About 14 million old, poor-quality used cars were exported from Europe, Japan, and the United States between 2015 and 2018, says a new study from the UN Environment Programme (UNEP). Of those vehicles, a whopping 80% did not meet local minimum safety standards, or the emissions standards set by the European Union.
The majority of these exported junkers—four out of five, in fact—“were sold to poorer countries, with more than half going to Africa,” reports BBC.
In many cases, the UNEP researchers found, the cars had been tampered with, with valuable parts like airbags and antilock braking systems removed in the export country for illegal sale. Such tampering may well be a factor in the high incidence of road accidents in many poor countries in Africa and Asia.
“They cut out catalytic converters, because the platinum value is worth $500,” said report co-author Rob de Jong. “And they put in a piece of steel pipe and weld it back in.” Catalytic converters help prevent the formation and release of poisonous nitrous oxides in exhaust, so removing that equipment will make climate and other pollution worse, notes BBC.
Older cars are also far more likely to be heavy polluters to begin with, even without being stripped down. “In 2017, the average age of a diesel vehicle imported into Uganda was over 20 years old,” UNEP’s Jane Akumu told BBC. “This is the same story for Zimbabwe. In fact, around 30 countries of Africa do not have any age limit on cars. So any kind of car, of any kind of age, can come in.”
Akumu’s observations speak to a larger finding determined by UNEP over its three-year analysis, writes the BBC: that “regulations on car imports in the majority of the 146 countries they studied were ‘weak’ or ‘very weak’.”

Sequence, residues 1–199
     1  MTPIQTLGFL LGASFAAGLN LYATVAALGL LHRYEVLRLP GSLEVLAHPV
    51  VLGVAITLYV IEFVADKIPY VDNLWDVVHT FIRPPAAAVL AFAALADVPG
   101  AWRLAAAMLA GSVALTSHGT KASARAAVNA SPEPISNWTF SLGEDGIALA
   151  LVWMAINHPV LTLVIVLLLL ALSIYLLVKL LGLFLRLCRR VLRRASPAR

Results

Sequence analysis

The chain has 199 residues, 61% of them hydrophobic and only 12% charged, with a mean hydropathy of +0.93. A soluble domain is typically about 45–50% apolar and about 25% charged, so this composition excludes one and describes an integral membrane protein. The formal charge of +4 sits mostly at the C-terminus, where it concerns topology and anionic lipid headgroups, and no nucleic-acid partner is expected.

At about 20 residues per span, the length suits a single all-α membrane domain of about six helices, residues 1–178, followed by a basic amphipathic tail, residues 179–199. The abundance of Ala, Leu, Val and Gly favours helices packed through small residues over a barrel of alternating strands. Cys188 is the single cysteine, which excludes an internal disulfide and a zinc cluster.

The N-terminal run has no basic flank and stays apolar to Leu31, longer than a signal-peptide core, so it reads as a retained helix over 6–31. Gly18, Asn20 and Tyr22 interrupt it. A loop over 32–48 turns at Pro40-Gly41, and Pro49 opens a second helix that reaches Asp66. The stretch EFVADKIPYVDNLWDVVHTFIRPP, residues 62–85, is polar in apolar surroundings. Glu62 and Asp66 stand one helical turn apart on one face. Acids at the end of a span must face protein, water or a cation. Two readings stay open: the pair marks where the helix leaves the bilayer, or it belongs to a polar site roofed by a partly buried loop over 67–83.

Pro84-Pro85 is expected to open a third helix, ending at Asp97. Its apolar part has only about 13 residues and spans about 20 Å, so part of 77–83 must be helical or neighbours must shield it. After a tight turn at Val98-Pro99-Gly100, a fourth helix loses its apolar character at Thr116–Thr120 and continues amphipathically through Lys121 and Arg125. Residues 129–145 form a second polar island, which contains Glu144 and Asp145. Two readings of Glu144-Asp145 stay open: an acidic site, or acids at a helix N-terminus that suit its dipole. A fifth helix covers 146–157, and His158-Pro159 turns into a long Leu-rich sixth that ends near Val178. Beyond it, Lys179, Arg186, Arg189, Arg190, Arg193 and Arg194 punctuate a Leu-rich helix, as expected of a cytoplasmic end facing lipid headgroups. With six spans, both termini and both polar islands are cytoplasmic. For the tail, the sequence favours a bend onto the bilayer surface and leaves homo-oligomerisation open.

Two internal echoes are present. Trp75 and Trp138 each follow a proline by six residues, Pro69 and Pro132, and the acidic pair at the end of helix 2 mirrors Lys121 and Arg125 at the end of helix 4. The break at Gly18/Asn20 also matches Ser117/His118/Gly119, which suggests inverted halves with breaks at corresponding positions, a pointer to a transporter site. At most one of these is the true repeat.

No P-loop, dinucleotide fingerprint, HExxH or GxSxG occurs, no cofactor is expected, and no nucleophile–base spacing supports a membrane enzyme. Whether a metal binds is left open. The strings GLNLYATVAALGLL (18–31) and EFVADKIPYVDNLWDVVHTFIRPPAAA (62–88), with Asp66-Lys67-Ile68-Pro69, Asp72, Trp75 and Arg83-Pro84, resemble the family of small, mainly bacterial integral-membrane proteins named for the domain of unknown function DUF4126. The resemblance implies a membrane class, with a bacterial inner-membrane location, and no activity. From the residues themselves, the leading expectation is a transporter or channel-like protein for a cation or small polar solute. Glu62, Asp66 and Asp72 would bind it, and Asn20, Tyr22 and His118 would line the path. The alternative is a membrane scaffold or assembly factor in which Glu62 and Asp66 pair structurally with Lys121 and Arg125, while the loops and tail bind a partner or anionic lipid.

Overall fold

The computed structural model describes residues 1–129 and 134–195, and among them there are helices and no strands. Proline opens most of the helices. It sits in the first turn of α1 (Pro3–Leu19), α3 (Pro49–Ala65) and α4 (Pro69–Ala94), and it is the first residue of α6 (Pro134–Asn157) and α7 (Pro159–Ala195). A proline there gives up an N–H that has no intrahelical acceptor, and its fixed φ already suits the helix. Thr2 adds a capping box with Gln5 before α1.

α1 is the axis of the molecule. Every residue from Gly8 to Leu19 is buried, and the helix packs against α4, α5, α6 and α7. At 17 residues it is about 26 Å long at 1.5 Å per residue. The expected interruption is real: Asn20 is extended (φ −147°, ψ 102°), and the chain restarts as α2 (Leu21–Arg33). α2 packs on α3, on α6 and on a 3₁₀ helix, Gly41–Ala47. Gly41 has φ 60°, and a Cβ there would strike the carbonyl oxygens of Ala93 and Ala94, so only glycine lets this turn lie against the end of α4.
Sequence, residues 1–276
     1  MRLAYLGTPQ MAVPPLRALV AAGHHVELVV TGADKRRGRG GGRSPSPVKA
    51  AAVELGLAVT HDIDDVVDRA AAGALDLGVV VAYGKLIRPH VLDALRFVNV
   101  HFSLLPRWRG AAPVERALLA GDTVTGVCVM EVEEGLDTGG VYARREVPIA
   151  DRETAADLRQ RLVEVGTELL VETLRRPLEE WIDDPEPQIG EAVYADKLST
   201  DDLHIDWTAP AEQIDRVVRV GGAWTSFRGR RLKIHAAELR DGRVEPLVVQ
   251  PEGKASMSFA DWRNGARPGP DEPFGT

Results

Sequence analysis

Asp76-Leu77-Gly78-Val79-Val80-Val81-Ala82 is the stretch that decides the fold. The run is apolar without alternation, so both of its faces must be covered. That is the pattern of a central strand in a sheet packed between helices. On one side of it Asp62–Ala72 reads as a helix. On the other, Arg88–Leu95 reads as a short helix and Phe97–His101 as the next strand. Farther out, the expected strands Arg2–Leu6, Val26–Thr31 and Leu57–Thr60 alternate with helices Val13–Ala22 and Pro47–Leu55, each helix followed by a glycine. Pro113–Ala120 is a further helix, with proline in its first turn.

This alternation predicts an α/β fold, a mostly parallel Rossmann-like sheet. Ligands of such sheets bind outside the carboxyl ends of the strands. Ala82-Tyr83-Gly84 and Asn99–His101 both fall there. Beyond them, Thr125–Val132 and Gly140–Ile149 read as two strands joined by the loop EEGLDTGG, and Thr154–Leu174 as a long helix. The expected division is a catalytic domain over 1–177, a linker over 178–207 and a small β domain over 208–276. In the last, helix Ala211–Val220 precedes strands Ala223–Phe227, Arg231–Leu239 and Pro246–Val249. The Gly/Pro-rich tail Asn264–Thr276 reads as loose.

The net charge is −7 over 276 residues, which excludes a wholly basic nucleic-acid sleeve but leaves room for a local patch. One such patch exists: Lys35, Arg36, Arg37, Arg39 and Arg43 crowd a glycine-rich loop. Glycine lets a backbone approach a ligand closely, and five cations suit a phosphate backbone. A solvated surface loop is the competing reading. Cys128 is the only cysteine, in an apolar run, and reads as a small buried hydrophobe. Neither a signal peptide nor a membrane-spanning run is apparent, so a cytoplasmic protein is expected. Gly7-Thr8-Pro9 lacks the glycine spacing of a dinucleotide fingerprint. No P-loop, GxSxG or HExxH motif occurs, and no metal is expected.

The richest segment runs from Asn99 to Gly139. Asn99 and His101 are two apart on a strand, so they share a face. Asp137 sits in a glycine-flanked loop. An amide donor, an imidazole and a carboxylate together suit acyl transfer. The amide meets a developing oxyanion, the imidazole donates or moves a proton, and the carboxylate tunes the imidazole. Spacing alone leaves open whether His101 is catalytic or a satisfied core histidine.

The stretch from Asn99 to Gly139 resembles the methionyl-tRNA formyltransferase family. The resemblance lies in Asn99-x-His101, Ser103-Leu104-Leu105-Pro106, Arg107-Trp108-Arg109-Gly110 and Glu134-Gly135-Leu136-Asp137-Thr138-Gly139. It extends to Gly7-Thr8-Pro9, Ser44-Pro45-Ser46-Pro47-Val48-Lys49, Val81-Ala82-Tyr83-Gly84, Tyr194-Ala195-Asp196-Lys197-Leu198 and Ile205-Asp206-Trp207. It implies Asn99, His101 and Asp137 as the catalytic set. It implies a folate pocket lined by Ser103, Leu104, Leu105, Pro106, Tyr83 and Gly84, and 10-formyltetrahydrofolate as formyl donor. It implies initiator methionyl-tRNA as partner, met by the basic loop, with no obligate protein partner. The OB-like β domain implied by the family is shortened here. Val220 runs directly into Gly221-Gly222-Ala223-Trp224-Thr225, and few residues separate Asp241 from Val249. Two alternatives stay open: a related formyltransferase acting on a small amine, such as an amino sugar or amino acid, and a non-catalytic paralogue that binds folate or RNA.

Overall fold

While some importing countries have responded independently to the danger (Morocco now only admits cars that are less than five years old, while Kenya has capped the import age at eight years), the report authors are urging both exporters and importers to do more to stem the traffic in “dangerous and dirty” cars.
In a regional effort to address their end of the problem, the 15-member Economic Community of West African States “has set cleaner fuel and vehicle standards from January 2021,” writes the BBC.
On the export end, out of the 14 million shoddy vehicles that were shipped to poorer countries between 2015 and 2018, 54% came from Europe, many of them from the Netherlands.
“The Netherlands cannot address this issue alone,” said Environment Minister Stientje van Veldhoven. She said her country will be calling for “a coordinated European approach, and a close cooperation between European and African governments, to ensure that the EU only exports vehicles that are fit for purpose, and compliant with standards set by importing countries.”